Sarah Lucchesi …In Six

My interview with INALJ success story, Sarah

Naomi:  How did you find your current job?
Sarah:  I found it on the INALJ daily e-mail. As soon as I read the job description I knew it would be a perfect fit. I feel so lucky to have found a job that combines everything I wanted to do – I had a pretty specific wish list!

Naomi:  Favorite library you have been to?
Sarah:  I’m going to be a complete homer and say the Boston Public Library. A few years ago I took a guided tour of the library and learned that the BPL was the first large free library in the US and the first library in the world to allow its patrons to borrow books and take them out of the library. The phrase “Free To All” is inscribed above the main entrance, and I was drawn to librarianship as a career by a similar sentiment. I believe very strongly that information should be available to everyone, and I believe in the positive power of information in peoples’ lives and in maintaining a strong democracy through well-informed citizens, so I find the BPL’s history really inspiring.

Naomi:  Favorite book?
Sarah:  My all-time fave is The Grapes of Wrath by John Steinbeck. I try to re-read it once a year if I can. I grew up on a small farm and Steinbeck hit all the right notes when describing the relationship farmers have with their land. Reading that book feels like being wrapped up in a warm blanket.

Naomi:  Favorite thing about libraries/ library technology?
Sarah:  I love that being a librarian forces you to keep current and learn new things all the time. As a librarian, if you’re afraid to learn new techniques or technologies, you’ll get left behind very quickly. If you’re doing the job right, it’s almost impossible to get into a rut because there’s always something new to learn. I anticipate never being bored in this career!

Naomi:  Any websites or feeds or blogs we should be following?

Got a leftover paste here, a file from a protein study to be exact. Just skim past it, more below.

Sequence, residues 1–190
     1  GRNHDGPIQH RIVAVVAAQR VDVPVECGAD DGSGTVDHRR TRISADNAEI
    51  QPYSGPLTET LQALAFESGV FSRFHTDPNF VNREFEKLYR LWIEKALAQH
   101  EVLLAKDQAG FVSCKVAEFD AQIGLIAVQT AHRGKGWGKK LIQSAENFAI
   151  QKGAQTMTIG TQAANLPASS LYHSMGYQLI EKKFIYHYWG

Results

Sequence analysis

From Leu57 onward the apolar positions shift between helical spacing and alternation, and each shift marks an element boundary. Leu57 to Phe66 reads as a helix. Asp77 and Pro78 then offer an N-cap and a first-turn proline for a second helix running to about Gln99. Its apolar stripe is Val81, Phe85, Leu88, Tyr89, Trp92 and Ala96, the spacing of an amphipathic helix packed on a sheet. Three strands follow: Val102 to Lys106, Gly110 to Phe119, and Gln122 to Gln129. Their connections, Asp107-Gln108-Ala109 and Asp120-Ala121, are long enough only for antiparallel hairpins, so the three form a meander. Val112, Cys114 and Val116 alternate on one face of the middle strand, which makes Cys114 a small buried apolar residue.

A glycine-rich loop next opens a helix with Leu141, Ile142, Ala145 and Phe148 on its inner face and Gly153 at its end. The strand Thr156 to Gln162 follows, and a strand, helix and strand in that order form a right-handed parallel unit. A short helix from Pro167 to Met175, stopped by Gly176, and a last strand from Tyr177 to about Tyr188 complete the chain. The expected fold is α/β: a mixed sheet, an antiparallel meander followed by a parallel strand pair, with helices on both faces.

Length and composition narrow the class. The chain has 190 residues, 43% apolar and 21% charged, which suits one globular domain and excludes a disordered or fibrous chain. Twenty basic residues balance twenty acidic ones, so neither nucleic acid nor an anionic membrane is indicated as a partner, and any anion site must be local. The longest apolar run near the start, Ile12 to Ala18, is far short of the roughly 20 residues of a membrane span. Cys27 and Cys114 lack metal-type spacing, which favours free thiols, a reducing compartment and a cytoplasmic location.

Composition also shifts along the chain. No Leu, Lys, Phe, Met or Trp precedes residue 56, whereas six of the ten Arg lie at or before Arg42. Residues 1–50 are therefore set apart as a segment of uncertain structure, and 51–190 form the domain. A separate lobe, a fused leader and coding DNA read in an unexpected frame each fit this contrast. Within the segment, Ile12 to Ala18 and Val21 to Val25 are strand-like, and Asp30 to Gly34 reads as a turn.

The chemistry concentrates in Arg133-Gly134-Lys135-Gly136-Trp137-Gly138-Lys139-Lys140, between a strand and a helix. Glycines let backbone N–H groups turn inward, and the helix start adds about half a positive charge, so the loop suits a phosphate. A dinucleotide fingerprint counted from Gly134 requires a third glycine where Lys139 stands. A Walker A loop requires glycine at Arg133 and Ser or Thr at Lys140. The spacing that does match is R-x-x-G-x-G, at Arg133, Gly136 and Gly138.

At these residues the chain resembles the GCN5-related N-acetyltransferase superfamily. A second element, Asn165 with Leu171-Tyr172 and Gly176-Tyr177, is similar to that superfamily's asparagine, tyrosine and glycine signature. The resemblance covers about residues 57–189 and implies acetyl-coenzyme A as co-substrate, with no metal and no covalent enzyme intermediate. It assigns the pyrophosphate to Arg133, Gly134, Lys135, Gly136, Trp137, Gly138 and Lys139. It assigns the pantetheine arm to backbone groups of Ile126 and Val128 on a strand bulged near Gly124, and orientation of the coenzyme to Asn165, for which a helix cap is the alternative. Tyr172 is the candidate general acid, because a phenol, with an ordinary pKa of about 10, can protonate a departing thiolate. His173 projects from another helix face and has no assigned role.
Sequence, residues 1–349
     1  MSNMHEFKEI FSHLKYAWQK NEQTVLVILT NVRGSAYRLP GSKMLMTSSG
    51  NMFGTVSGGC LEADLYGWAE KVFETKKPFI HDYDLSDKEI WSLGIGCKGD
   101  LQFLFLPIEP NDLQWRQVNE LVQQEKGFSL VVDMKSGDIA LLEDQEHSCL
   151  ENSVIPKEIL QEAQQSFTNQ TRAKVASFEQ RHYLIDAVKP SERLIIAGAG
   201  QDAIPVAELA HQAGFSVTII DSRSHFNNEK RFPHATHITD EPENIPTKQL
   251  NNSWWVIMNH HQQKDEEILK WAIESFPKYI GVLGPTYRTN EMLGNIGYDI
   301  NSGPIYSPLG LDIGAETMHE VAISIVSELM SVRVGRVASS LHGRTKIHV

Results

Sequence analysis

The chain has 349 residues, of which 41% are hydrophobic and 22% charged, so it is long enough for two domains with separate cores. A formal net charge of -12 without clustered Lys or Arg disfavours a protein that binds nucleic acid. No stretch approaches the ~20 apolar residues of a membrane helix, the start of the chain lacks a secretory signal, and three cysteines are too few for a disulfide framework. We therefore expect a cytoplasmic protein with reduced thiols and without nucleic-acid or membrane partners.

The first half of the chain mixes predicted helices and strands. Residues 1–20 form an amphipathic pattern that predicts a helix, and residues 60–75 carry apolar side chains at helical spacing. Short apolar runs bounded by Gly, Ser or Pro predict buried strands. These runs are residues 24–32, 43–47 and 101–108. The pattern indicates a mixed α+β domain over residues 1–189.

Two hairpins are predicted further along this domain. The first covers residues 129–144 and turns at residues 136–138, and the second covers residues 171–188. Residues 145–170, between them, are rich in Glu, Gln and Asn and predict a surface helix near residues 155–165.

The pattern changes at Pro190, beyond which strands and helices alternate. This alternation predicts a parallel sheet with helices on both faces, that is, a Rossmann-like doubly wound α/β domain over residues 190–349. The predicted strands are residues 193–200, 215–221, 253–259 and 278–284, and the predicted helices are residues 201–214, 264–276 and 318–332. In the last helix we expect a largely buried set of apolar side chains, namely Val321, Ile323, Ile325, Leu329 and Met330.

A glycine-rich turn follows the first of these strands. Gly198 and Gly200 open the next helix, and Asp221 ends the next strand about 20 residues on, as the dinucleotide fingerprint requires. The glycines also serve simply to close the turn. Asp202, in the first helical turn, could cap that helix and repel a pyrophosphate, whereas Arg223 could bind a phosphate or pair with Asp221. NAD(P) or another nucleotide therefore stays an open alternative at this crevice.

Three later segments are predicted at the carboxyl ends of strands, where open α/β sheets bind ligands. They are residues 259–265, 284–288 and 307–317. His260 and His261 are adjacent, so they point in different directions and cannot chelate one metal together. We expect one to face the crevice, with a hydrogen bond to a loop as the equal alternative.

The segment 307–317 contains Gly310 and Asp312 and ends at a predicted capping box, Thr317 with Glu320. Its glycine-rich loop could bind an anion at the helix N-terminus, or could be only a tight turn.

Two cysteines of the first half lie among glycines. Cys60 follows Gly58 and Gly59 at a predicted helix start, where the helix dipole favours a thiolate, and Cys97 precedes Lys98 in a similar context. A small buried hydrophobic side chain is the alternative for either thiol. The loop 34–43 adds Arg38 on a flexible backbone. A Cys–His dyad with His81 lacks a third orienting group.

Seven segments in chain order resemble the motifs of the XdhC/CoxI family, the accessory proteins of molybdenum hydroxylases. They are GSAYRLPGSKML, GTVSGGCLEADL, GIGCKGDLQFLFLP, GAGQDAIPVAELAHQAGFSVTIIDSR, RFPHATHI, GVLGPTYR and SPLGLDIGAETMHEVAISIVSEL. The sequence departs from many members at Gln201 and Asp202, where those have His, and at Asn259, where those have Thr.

Sarah:  I love Confessions of a Science Librarian ( and Letters to a Young Librarian (

Naomi:  Best piece of job hunting advice?
Sarah:  Be yourself in interviews! Don’t be afraid to show your personality and have a sense of humor. Ask questions that demonstrate that you’ve done your research about the library. Trust your gut! If a job “feels” wrong after a round or two of interviewing, even if you can’t put your finger on why, walk away. Your gut is wise. The right job for you is out there.

I am a newly hired Instruction Librarian at Michigan Technological University, where I get to combine my loves of teaching, science, and librarianship. I am originally from central Massachusetts and have a BA in Biology from Wellesley College, an MA in Science Education from Boston University, and an MSLIS from Simmons College. In my spare time I enjoy cooking, reading, and hiking. Since I’ve moved to a place that gets 200+ inches of snow each winter, I’m thinking I may have to take up cross-country skiing.

Naomi House

Naomi House, MLIS, is the founder and publisher of the popular LIS jobs resource (formerly I Need a Library Job). Founded in October 2010 with the assistance of her fellow Rutgers classmate, Elizabeth Leonard, INALJ’s social media presence has grown to include Facebook (retired in 2016), Twitter and a LinkedIn group, in addition to the interviews, articles and jobs found on INALJ has had over 20 Million page views and helped thousands of librarians and LIS folk find employment! Through grassroots marketing, word of mouth and a real focus on exploring unconventional resources for job leads, INALJ grew from a subscription base of 20 friends to a website with over 500,000 visits in a month. Naomi believes that well-sourced quantity is quality in this narrow job market and INALJ reflects this many new jobs published daily. She was a 2013 Library Journal Mover & Shaker and has served on the University of Maryland iSchool Board from 2014-2017. Naomi was a Reference, Marketing and Acquisitions Librarian for a contractor at a federal library outside Washington, DC, and now lives part time in Western NY and Budapest, Hungary. She has heard of spare time but hasn’t encountered it lately. She pronounces INALJ as eye-na-elle-jay.